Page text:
White House leaders stress need to follow health guidelines to mitigate virus spread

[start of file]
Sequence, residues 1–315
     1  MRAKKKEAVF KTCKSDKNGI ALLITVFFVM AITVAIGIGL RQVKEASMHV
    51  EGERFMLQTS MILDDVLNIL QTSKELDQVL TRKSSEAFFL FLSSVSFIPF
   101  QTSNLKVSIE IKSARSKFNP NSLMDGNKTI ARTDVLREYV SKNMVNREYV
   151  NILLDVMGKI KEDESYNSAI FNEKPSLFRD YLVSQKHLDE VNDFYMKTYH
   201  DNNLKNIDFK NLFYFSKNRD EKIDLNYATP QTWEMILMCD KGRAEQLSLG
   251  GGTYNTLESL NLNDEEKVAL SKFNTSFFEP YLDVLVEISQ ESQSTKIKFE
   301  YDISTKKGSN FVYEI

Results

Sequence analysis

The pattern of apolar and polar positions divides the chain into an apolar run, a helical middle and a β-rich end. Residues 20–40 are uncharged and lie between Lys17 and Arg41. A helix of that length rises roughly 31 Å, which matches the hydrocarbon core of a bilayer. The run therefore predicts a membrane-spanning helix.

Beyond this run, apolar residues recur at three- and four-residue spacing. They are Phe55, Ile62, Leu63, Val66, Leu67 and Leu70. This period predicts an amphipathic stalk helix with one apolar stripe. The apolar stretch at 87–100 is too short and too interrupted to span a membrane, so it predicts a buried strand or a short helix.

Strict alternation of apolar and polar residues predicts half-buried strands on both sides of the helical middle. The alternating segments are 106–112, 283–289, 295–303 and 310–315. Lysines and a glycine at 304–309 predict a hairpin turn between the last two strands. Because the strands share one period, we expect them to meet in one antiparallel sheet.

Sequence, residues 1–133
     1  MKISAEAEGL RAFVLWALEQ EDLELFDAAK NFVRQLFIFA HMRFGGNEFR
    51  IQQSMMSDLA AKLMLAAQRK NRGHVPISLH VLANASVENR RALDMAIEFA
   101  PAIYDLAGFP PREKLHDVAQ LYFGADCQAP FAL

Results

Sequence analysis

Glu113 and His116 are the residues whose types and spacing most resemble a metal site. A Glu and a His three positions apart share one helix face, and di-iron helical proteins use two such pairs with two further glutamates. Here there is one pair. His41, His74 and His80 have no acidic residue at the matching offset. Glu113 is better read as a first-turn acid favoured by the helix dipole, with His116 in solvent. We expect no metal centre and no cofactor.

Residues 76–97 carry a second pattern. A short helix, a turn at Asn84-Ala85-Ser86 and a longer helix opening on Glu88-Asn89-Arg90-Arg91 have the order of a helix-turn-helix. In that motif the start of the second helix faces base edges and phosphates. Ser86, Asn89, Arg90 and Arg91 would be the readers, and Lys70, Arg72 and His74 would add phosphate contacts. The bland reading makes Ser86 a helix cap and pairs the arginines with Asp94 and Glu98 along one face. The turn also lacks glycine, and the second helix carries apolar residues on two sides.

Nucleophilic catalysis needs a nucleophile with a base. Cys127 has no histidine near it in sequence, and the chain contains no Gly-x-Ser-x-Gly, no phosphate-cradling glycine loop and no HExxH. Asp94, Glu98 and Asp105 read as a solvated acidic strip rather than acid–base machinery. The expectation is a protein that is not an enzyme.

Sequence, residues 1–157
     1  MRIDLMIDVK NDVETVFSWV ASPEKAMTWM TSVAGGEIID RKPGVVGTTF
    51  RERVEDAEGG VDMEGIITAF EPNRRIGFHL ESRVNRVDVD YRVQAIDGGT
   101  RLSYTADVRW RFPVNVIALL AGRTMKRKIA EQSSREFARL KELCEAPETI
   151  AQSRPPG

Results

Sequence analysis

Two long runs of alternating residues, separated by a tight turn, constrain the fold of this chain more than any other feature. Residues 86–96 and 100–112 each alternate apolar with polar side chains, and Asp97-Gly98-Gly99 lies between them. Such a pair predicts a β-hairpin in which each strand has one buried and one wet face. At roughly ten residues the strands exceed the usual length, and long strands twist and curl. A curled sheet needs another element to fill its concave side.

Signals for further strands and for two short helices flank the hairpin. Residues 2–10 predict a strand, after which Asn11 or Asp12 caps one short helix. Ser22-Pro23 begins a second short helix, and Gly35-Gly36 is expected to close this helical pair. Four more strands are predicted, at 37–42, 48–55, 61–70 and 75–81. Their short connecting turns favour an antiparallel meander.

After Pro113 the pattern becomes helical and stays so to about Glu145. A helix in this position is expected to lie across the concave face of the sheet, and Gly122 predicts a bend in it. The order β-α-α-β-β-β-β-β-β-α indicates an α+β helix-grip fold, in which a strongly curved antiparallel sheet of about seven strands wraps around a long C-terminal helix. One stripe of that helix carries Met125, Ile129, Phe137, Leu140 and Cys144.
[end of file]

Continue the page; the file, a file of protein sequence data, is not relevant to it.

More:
The latest: In the U.S., there are at least 34,000 cases across all 50 states, plus Puerto Rico, the U.S. Virgin Islands and Washington D.C. At least 413 have died from the virus.There are more than 300,000 cases worldwide, CNN reported. More than 12,000 have died, according to the World Health Organization.Officials in New York, California, Ohio, Illinois, Louisiana, New Jersey and Connecticut are ordering residents to stay at home.Vice President Mike Pence and his wife tested negative for coronavirus on Saturday.Secretary of State confirms restricted travel order to Canada and Mexico.Hawaii will quarantine all arrivals to the state, both visitors and returning residents, for 14 days.President Donald Trump said it is absolutely critical that Americans follow guidelines about social distancing, nonessential travel and hand-washing.Vice President Mike Pence said it was vital for people to heed the advice of state and local officials to lessen the magnitude of the coronavirus in our country.”We can slow the spread,” Pence said Sunday at a White House coronavirus task force briefing. “We can protect the most vulnerable.”The president said we want to have as few deaths as possible.”You will see our economy skyrocket once this is over,” he also said.As the U.S. coronavirus outbreak grows and more states order residents to stay home, officials also are making a tough choice to only test high-risk patients and those who are severely ill.The number of coronavirus deaths has surged to 400 in the United States as the virus tightens its grip, leading to fears of a widespread shortage of medical supplies.Video above: Maryland National Guard members set up triage tents to prepare for influx of hospital patientsOfficials in hard-hit states such as New York and California are warning that panicked people are flooding hospitals for tests and health care facilities will run out of crucial items. The focus has shifted to avoiding broad testing to conserve rapidly dwindling resources such as masks, ventilators and intensive care beds.In a strategic shift, authorities are recommending that health care providers avoid testing patients except in cases in which results would significantly change the course of treatment.PGlmcmFtZSB0aXRsZT0iVVNBIHN0YXRlcyBjaG9yb3BsZXRoIG1hcCBDb3JvbmF2aXJ1cyBjYXNlcyByZXBvcnRlZCBpbiBhdCBsZWFzdCAxNCBzdGF0ZXMiIGFyaWEtZGVzY3JpYmVkYnk9IiIgaWQ9ImRhdGF3cmFwcGVyLWNoYXJ0LUppVmJIIiBzcmM9Imh0dHBzOi8vZGF0YXdyYXBwZXIuZHdjZG4ubmV0L0ppVmJILzcvIiBzY3JvbGxpbmc9Im5vIiBmcmFtZWJvcmRlcj0iMCIgc3R5bGU9IndpZHRoOiAwOyBtaW4td2lkdGg6IDEwMCUgIWltcG9ydGFudDsiIGhlaWdodD0iNDAwIj48L2lmcmFtZT48c2NyaXB0IHR5cGU9InRleHQvamF2YXNjcmlwdCI+KGZ1bmN0aW9uKCkgeyd1c2Ugc3RyaWN0Jzt3aW5kb3cuYWRkRXZlbnRMaXN0ZW5lcignbWVzc2FnZScsIGZ1bmN0aW9uKGV2ZW50KSB7aWYgKHR5cGVvZiBldmVudC5kYXRhWydkYXRhd3JhcHBlci1oZWlnaHQnXSAhPT0gJ3VuZGVmaW5lZCcpIHtmb3IgKHZhciBjaGFydElkIGluIGV2ZW50LmRhdGFbJ2RhdGF3cmFwcGVyLWhlaWdodCddKSB7dmFyIGlmcmFtZSA9IGRvY3VtZW50LmdldEVsZW1lbnRCeUlkKCdkYXRhd3JhcHBlci1jaGFydC0nICsgY2hhcnRJZCkgfHwgZG9jdW1lbnQucXVlcnlTZWxlY3RvcigiaWZyYW1lW3NyYyo9JyIgKyBjaGFydElkICsgIiddIik7aWYgKCFpZnJhbWUpIHtjb250aW51ZTt9aWZyYW1lLnN0eWxlLmhlaWdodCA9IGV2ZW50LmRhdGFbJ2RhdGF3cmFwcGVyLWhlaWdodCddW2NoYXJ0SWRdICsgJ3B4Jzt9fX0pO30pKCk7PC9zY3JpcHQ+New York health officials issued guidance asking medical facilities to stop testing non-hospitalized patients in an effort to preserve medical supplies.”At this point in the pandemic, demand for unnecessary testing is contributing to the rapidly diminishing supply of PPE (personal protective equipment) … ,” the guidance read. “Testing may play a more significant role after the pandemic has peaked.”California Gov. Gavin Newsom said testing should prioritize hospitalized patients, people with compromised immunities, health care workers, seniors and other high-risk patients. “Not every single person in the U.S. needs to get tested,” said Anthony S. Fauci, director of the National Institute of Allergy and Infectious Diseases. “When you go in and get tested, you are consuming personal protective equipment, masks and gowns — those are high priority for the health care workers who are taking care of people who have coronavirus disease.”A first weekend under restriction for millionsAs concerns over testing grow, states are ramping up efforts to stop the spread of the virus.Millions of people in five states spent their first full weekend at home under new orders by their governors. California, New York, Illinois, Ohio, Louisiana, Connecticut and New Jersey have urged nonessential workers to stay home in an effort to prevent the spread of the virus and reduce stress on the health care system.Newsom urged younger residents to avoid visiting beaches as Californians adjusted to their new normal. “(It’s) time to recognize it’s not only about the old folks, it’s about your impact in their lives. Don’t be selfish,” he said.Louisiana Gov. John Bel Edwards officially issued a stay-at-home order Sunday after previously shutting down schools, bars, clubs and other nonessential workplaces.The order officially goes into effect at 5 p.m. Monday, but Edwards said people shouldn’t wait until then to follow the orders. He said it will expire April 13. More than 800 cases of the coronavirus have been confirmed in Louisiana. State health officials said 20 Louisiana residents have died of COVID-19.On Sunday, Ohio Gov. Mike DeWine also tweeted that health officials had signed a statewide stay-at-home order. “There is nothing in the order that we haven’t already been talking about. There is nothing in this that I haven’t been asking you to do for the last few weeks,” DeWine wrote in a subsequent tweet. DeWine noted “common sense exceptions” to the order: leaving for health and safety, necessary supplies or services and outdoor activities, such as dog-walking or going to a park, although playgrounds are closed. New York Gov. Andrew Cuomo warned younger people of the risk after 54% of the more than 10,000 confirmed cases in the state were individuals between ages 18 and 49.”You’re not Superman and you’re not Superwoman,” the governor said. “You can get this virus and you can transfer the virus and you can wind up hurting someone who you love.”The most recent state to enact such a measure was New Jersey, where Gov. Phil Murphy announced a statewide order closing nonessential retail businesses and asking residents to stay home until further notice. The order went into effect at 9 p.m. ET Saturday.”We know the virus spreads through person-to person contact,” the governor said. “The best way to prevent further exposure is to limit our public interactions to only the most essential purposes.”Each state provides for certain exceptions, such as visiting grocery stories, pharmacies or healthcare facilities, among others.”Every state will head this way,” CNN national security analyst Juliette Kayyem said. “People need to prepare themselves that this gets harder before this gets easier.”Meanwhile, Hawaii Gov. David Ige is implementing a mandatory 14-day self quarantine for all returning residents and visitors that will begin Thursday.The order applies to all arrivals at Hawaii airports from the continental U.S. and international destinations and extends to other private and commercial aircrafts.”With the majority of Hawaiʻi’s COVID-19 cases linked to travel, it is critical that we further mitigate the spread of the virus by both residents and visitors who are coming from out-of-state,” Ige said in a statement. “This plan was developed in collaboration with our county mayors and Hawaiʻi’s business, community and visitor industry leaders.”Nashville Mayor John Cooper issued at 14-day “safer at home” order Sunday.On Twitter, the mayor explained that the order is for residents to stay in their homes and only go out for essential needs.Under the order, all businesses not performing essential services will close and all social gatherings of more than 10 people are prohibited, Cooper tweeted.Cases climb as more people are tested Numbers have soared as testing became more available, with at least 25,740 confirmed cases as of Saturday evening.More than 195,000 Americans have been tested, Vice President Mike Pence told reporters. That total does not include county hospitals or health care labs, the vice president said.As the demand for tests grows, private companies are joining the government’s efforts to restock masks, ventilators and other supplies. The U.S. Food and Drug Administration authorized the use of the first rapid diagnostic test that could detect the disease in approximately 45 minutes. The tests will start shipping this week, according to the California-based manufacturer.Meanwhile, Pence and his wife tested negative Saturday after a staff member in his office tested positive.Sen. Rand Paul announced Sunday via Twitter that he had tested positive. In a subsequent tweet, Paul said he “expects to be back in the Senate after his quarantine period ends and will continue to work for the people of Kentucky at this difficult time.”Physician predicts staffing shortagesHealth care workers and state leaders have sounded the alarm on medical supplies beginning to run short. Some medical experts are going a step further and adding staff shortages.Staffing shortages will likely come even before equipment starts to run out, said Dr. David Hill, a pulmonary critical care physician and a spokesman for the American Lung Association.”Part of it is just exhausting our personnel. Health care is complicated and people make mistakes when they’re overworked,” Hill said.If health care workers get sick, “everything can fall apart very quickly,” said Dr. Peter Hotez, dean of the National School of Tropical Medicine at Baylor College of Medicine. W2lmcmFtZSBzcmM9Imh0dHBzOi8vZDJjbXZicTdzeHgzM2ouY2xvdWRmcm9udC5uZXQvZW1haWwvcHJvZF9jb3JvbmF2aXJ1c19pZnJhbWVfYXJ0aWNsZS5odG1sIiBoZWlnaHQ9IjQxNCIgc3R5bGU9IndpZHRoOjEwMCU7Ym9yZGVyOm5vbmU7b3ZlcmZsb3c6aGlkZGVuIiBzY3JvbGxpbmc9Im5vIiBmcmFtZWJvcmRlcj0iMCIgYWxsb3dUcmFuc3BhcmVuY3k9InRydWUiXVsvaWZyYW1lXQ==Canada and Australia will not send athletes to Tokyo OlympicsCanada and Australia will not send athletes to the 2020 Olympic Games in Tokyo because of the risks associated with the coronavirus outbreak, the Olympic committees for both countries said in separate statements.Both countries’ Olympic committees also are calling for the Games to be postponed until 2021.The International Olympic Committee’s executive board said it is considering postponing — but not canceling — this summer’s Olympic Games in Tokyo.